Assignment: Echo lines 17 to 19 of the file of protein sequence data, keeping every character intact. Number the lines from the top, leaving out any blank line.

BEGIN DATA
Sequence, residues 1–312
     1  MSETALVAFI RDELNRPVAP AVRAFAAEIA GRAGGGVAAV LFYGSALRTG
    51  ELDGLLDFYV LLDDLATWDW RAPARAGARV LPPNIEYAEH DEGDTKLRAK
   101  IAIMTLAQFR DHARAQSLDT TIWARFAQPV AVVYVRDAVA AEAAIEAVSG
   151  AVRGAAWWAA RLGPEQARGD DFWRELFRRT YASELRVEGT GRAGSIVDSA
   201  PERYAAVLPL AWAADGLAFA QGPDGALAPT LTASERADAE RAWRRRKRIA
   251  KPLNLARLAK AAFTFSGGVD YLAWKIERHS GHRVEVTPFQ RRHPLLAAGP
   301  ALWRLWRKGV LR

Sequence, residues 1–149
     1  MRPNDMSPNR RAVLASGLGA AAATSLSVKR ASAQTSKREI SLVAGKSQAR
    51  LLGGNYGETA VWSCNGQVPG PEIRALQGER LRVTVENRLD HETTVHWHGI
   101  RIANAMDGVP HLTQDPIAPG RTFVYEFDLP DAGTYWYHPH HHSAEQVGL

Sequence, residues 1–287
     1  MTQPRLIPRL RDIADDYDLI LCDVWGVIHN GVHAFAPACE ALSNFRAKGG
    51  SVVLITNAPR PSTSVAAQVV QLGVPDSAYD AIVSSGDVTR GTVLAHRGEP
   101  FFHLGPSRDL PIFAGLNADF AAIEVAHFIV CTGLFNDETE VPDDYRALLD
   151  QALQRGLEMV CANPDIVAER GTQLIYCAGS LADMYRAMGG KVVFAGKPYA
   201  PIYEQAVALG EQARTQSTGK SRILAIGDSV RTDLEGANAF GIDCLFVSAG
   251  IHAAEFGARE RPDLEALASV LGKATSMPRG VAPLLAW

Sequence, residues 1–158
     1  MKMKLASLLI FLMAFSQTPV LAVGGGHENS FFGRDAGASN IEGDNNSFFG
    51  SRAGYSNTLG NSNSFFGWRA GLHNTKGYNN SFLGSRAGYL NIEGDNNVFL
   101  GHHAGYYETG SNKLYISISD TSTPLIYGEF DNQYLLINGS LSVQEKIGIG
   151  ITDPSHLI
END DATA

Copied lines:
   151  QALQRGLEMV CANPDIVAER GTQLIYCAGS LADMYRAMGG KVVFAGKPYA
   201  PIYEQAVALG EQARTQSTGK SRILAIGDSV RTDLEGANAF GIDCLFVSAG
   251  IHAAEFGARE RPDLEALASV LGKATSMPRG VAPLLAW